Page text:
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[ASEAN ISSUE #18] Book Review: The ASEAN Miracle: A Catalyst for Peace

Book Review: The ASEAN Miracle: A Catalyst for Peace

2020.07.17

 

The ASEAN Miracle: A Catalyst for Peace (2017)

Kishore Mahbubani and Jeffrey Sng

National University of Singapore Press

ISBN: 978-9814722490

 

 

On August 8th, 1967, a regional organization was newly founded in Southeast Asia, a battlefield of hot wars during the Cold War. The Association of Southeast Asian Nations (ASEAN) was originally established as a five-member state organization amid the frequent armed conflicts in the region. Over the past 50 years, ASEAN has contributed to bringing peace and stability in the region and accommodated additional members to make today’s ASEAN-10 under the motto of ‘unity in diversity’. There are contradicting assessments of its successes and failures as a regional organization. Some praise the association as the second most successful regional organization after the European Union (EU), while skeptics point out its institutional weaknesses and the harsh reality of smaller powers’ limitations.

 

Amid these conflicting assessments, Mahbubani and Sng draws attention on its successes over its flaws. The ASEAN Miracle: A Catalyst for Peace, published in 2017 which commemorated the 50th anniversary of ASEAN, shed light on miraculous achievements of ASEAN, as its title suggests. The two authors are born and raised in multicultural Singapore with Indian (Mahbubani) and Chinese (Sng) backgrounds. Accordingly, they have vast experiences of Southeast Asia´s diverse cultures, growing up learning Malay language in schools and having lived in different parts of Southeast Asia. Based on their deep understanding of Southeast Asia, arguably the most culturally diverse region in the world, the two authors highlight the value of the “ecosystem of peace” created by ASEAN.

 

The first chapter titled ‘The Four Waves’  introduces the waves of external civilizations that shaped ASEAN’s multiculturalism and its core value ‘unity in diversity’. Chapter 2 narrates the birth of ASEAN and how the regional network has established an “ecosystem of peace”. Chapter 3 demonstrates ASEAN’s relations with external powers in the course of maintaining regional stability. Chapter 4 sketches the characteristics of the 10 ASEAN member states, and Chapter 5 examines the strengths and weaknesses of ASEAN undertaking a standard SWOT (Strength, Weakness, Opportunities, Threats) analysis. In Chapter 6, the authors call for Nobel Peace Prize to be awarded to ASEAN for its achievement in bringing peace and stability to the region.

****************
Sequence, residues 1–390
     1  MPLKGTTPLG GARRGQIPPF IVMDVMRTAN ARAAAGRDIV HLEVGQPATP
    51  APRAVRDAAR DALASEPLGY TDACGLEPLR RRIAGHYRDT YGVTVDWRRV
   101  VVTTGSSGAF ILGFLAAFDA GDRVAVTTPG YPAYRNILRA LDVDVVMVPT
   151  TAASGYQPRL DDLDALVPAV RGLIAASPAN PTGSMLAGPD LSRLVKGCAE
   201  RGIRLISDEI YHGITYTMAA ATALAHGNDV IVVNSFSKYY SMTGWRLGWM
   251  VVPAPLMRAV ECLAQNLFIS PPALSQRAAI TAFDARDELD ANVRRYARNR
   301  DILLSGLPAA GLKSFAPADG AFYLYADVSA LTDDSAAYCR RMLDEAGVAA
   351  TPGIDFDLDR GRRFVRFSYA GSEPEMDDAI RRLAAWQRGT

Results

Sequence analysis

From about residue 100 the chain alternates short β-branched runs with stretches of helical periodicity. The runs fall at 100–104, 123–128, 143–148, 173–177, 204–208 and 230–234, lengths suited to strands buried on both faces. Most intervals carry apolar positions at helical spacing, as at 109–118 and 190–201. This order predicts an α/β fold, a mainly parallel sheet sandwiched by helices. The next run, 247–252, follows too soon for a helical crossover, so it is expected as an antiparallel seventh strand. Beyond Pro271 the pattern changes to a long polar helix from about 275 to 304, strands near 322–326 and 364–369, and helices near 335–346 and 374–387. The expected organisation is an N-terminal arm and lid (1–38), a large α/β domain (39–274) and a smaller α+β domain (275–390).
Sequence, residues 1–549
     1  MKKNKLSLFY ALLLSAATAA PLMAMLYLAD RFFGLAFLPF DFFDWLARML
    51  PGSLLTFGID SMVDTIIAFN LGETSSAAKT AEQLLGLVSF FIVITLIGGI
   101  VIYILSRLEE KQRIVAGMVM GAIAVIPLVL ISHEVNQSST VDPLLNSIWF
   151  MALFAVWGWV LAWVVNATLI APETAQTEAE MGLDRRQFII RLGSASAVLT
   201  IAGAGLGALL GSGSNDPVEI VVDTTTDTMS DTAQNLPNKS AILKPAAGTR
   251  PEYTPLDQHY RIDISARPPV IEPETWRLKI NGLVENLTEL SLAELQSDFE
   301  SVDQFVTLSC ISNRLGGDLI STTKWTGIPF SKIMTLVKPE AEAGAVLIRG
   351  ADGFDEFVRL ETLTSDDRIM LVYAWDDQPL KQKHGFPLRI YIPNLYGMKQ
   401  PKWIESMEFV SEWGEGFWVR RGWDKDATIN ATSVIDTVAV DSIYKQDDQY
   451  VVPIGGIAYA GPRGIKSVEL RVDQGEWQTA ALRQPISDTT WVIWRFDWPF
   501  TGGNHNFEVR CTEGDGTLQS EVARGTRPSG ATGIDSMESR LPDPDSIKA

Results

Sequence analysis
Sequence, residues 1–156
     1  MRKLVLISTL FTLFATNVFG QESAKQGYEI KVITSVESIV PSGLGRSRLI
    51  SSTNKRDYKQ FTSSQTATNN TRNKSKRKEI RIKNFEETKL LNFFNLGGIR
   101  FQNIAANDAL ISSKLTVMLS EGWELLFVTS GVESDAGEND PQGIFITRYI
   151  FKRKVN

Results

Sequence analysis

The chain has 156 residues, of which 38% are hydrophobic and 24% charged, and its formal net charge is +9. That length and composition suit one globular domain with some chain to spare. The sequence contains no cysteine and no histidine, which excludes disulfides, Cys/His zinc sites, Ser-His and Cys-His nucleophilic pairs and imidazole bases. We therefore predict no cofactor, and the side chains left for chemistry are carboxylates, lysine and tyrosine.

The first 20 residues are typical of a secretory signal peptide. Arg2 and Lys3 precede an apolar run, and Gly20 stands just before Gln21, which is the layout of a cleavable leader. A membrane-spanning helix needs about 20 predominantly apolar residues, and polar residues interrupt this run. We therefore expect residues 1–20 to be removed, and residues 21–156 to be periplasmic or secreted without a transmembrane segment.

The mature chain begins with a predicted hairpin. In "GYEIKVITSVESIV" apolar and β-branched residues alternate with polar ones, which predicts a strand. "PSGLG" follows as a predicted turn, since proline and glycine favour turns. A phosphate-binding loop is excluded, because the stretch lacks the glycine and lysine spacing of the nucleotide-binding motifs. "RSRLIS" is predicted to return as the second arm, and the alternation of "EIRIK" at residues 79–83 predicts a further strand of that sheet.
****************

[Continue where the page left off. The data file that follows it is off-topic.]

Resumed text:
Beginning with the background of Southeast Asia’s diverse culture, the book traces back to the inflow of four civilizations (India, China, Muslim and the West) that have greatly influenced shaping today’s Southeast Asian culture. From ancient times, Southeast Asia saw influx of external cultures through trade with surrounding regions (India, China and Middle East), and the Western colonial period which ruled the region in the modern era. Moreover, Southeast Asia is arguably the most culturally diverse region in the world as illustrated by many cases including Indonesia, the world’s largest archipelago and a Muslim country; the Philippines which is the only Christian nation in Asia; Vietnam where vivid Chinese cultural influence can be witnessed; many traces of Hindu culture found across continental and maritime Southeast Asia; and the modern state systems established during the Western colonial era.

 

In this region of diversity, nations were divided under different colonial rules. After the World War II, many countries gained independence. However, the region found itself divided once again by the Cold War rivalry. In particular, spread of communism in Indochina states and rising communist insurgencies across region had concerned many leaders, and it was the fear born under such context that had motivated the establishment of ASEAN. The authors suggest five factors for ASEAN’s success: 1) fear of communism which brought the 5 founding members together; 2) strong leadership with willingness to maintain regional cooperation; 3) geopolitical luck of being anti-communist and pro-American to stand on the winning side of the Cold War; 4) market-oriented economy; 5) ASEAN Centrality promoted by the ASEAN-based regional networks.

 

ASEAN’s success in creating an “ecosystem of peace” is assessed by the authors in three stages. From its establishment in 1967 to 1990, when the Cold War came to an end, is classified as the first phase. During this time, the Indochina region was assimilated into the communist sphere, raising alarms across Southeast Asia. However, the communist powers were soon divided by the Sino-Soviet confrontations, and ASEAN, as a regional organization, played an important role in maintaining regional stability particularly through its institutional response to Vietnam’s invasion of Cambodia. The second phase is the 1990s during which ASEAN had expanded as a regional organization and became today’s 10-member bloc. In particular, admission of Vietnam, which had been at the center of major conflicts in the region, was a key to building a foundation for peace and stability in the region. During the third phase which began with the 21st century, ASEAN sought to develop its institutional foundations by signing intraregional and external free trade agreements and adopting the ASEAN Charter.